1. Improved Infrastructure. China is in the midst of what the State Grid Corporation of China is predicting will be its worst power shortage ever. I would bet that the old manufacturing standby locations will do far better in getting power than the inland upstarts, for reasons of both physical infrastructure and politics.   
  2. Lower Costs. I do not disagree with a single thing Jack says on this, but I have heard some of my clients bemoan lower worker productivity in China’s smaller cities. And though I cannot back this up with anything approaching scientific evidence, I get the feeling that the more remote one goes, the greater the risk of having insurmountable (and expensive) legal difficulties with Chinese partners, buyers, and vendors.  
  3. Strong Local Government Support. Yes, this can be great while you have it, but Beijing is increasingly cracking down on improper local concessions and, more importantly, local government support can quickly disappear. My firm gets a disproportionate amount of work involving ventures that have gone wrong in China’s more remote areas and I cannot remember a single case where I would say that the local government favored our foreign client over the Chinese local. In places like Guangzhou or Suzhou, the local government is more likely to remain neutral.  
  4. Lower Management Turnover.  I have no basis to dispute this, but I have also heard from many clients that one also has to deal with lower management quality.  
  5. Enhanced Insight Into China’s Vast Local Market. True enough, but for many manufacturers, small city sales might be years or even decades away.  

Perkowski ends his post with advise with the following advice on which I completely agree:
“In the end, you need to evaluate your company’s particular circumstances in making location decisions.” 

China manufacturing. Go inland or go home? And when? What do you think?

  • Shanghai Ty

    Dan,
    Fully agree with your caveats to Jack Perkowski’s post. And I’d add to point 4 that low management turnover is a bit of a double-edged sword. The people you hire there are less likely to leave (because there are fewer competing options in smaller cities), but it’s harder to find those people in the first place — especially if your company needs managers with specialized skills.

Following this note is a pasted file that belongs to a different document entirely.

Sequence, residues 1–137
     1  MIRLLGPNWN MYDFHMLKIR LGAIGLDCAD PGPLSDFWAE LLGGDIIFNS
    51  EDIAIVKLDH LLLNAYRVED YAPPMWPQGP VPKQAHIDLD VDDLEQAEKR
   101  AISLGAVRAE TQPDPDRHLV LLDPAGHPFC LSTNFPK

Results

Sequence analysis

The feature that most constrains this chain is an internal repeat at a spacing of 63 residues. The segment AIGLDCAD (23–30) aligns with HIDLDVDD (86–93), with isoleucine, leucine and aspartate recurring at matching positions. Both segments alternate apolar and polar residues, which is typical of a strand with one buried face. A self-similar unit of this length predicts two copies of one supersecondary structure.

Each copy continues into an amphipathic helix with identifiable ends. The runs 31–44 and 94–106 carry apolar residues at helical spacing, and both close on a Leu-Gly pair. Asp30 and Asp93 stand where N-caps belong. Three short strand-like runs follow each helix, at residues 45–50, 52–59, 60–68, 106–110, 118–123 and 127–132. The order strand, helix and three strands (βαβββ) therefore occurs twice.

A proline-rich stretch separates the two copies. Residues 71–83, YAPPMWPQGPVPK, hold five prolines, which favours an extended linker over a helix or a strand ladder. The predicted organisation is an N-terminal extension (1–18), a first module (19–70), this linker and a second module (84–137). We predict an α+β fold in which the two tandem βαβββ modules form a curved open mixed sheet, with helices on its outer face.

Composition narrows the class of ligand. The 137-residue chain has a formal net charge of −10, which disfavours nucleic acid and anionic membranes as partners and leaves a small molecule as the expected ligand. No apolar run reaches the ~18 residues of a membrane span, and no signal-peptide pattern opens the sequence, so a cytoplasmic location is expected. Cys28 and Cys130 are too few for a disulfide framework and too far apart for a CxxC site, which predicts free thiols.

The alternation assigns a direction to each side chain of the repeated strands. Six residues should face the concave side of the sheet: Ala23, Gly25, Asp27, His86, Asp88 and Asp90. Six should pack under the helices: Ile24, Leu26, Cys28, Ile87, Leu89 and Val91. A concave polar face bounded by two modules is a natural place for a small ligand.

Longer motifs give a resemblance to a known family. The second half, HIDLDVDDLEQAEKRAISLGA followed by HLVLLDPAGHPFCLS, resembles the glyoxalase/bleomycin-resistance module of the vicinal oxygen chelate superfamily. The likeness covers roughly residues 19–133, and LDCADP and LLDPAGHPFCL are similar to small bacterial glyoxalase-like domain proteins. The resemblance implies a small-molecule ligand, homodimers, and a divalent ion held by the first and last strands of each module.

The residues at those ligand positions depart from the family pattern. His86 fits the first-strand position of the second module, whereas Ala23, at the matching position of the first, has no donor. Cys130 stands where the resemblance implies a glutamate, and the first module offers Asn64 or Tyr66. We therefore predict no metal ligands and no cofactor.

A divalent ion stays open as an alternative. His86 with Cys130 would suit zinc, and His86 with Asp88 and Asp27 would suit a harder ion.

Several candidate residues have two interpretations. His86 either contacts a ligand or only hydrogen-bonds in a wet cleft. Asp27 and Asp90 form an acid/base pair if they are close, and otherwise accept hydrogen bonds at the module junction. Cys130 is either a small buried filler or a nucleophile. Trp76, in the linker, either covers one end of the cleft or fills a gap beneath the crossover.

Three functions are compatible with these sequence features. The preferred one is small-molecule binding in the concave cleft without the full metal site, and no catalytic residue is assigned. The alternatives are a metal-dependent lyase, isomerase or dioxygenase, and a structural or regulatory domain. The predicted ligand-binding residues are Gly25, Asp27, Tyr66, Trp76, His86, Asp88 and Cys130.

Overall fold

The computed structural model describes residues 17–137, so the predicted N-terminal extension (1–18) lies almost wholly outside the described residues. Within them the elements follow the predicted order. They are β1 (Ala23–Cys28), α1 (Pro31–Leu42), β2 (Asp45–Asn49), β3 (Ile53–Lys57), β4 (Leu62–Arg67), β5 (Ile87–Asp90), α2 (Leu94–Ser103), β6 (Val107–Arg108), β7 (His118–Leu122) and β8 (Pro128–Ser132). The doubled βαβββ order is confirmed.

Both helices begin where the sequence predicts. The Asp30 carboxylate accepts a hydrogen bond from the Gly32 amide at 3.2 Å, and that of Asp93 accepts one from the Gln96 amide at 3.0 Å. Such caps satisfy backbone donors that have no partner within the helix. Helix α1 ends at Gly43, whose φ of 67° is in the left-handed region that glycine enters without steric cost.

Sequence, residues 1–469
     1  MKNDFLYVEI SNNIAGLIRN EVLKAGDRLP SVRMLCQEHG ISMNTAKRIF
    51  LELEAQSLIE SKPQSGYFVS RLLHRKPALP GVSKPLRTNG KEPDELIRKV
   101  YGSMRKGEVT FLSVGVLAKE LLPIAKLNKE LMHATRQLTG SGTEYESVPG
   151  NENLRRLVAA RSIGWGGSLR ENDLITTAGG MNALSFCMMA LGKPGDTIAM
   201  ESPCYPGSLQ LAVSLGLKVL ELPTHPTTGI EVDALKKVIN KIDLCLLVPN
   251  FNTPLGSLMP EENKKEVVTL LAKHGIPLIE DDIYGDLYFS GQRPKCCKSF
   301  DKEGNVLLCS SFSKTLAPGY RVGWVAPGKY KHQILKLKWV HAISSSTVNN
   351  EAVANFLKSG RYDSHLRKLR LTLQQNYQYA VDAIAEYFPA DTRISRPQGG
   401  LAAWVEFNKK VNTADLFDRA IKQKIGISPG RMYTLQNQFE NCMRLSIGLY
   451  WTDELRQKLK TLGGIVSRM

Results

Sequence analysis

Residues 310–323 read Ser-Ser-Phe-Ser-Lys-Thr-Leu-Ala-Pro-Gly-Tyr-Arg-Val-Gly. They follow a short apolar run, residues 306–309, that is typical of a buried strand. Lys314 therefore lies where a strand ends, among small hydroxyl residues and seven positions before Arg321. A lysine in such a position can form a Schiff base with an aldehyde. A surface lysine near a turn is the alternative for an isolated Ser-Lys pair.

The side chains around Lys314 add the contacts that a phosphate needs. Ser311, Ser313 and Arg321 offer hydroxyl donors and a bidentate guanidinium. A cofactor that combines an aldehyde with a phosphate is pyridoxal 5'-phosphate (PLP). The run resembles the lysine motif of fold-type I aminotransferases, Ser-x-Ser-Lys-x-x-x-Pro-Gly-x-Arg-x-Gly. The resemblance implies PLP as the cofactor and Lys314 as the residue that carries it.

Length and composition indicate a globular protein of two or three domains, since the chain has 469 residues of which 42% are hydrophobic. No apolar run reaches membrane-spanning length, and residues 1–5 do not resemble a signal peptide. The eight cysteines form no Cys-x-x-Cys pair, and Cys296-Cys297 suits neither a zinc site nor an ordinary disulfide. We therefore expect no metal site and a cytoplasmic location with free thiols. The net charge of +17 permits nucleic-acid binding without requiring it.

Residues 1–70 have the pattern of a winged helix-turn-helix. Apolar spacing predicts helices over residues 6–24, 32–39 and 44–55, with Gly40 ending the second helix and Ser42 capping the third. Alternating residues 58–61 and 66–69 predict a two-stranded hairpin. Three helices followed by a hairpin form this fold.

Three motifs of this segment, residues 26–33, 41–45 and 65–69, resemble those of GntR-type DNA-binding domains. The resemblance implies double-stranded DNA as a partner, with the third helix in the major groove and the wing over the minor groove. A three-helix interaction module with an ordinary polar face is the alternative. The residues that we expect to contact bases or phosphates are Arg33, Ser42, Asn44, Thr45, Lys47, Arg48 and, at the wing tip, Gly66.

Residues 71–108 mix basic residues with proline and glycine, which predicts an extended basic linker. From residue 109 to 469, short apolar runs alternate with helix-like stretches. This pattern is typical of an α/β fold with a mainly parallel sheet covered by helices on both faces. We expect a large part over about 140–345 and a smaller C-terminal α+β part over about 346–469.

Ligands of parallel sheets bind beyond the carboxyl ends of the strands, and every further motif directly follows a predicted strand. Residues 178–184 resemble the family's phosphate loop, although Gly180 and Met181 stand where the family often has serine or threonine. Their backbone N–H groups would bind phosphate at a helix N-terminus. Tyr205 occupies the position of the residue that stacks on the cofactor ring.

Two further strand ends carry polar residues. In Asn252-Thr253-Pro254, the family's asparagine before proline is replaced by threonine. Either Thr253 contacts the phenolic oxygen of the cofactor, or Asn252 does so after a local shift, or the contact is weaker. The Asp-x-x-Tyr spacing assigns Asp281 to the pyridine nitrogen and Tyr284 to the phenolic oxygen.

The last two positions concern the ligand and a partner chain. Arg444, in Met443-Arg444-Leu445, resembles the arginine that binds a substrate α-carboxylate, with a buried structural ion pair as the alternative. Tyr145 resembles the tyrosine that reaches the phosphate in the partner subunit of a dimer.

It’s much easier to lure a good QC manager, for example, to Shanghai from Danyang, than to Danyang from Shanghai.

  • Chinamike

    I agree that for certain companies in certain product categories (whether consumer or B-2B) moving back top the US to manufacture makes sense. Then again so might Indonesia, Mexico or Belize.
    Yes the costs and hallmarks of globalized production are undergoing big changes.
    I agree with Mr. P in that there is a lot of untapped potential in the interior and I will disagree with you on one point Dan. The Chinese gov. still has a HUGE interest in developing the interior and they are not expecting to create 200 million engineering jobs out there.
    As Guangdong, Fujian, Jiangsu and Zhejiang factories close their dirty, low-margin enterprises the economic growth will come from high margin, “clean” manufacturing, service sector jobs and increased consumerism.
    I also belive that the big investment in commercial rail will eliminate a lot of the corruption, cost and inefficiencies of moving product from interior factory to port.
    If the move inland does not happen it is a blow to China’s development for the next five years or so. I think their “crackdowns” in the hinterlands will not amount to much.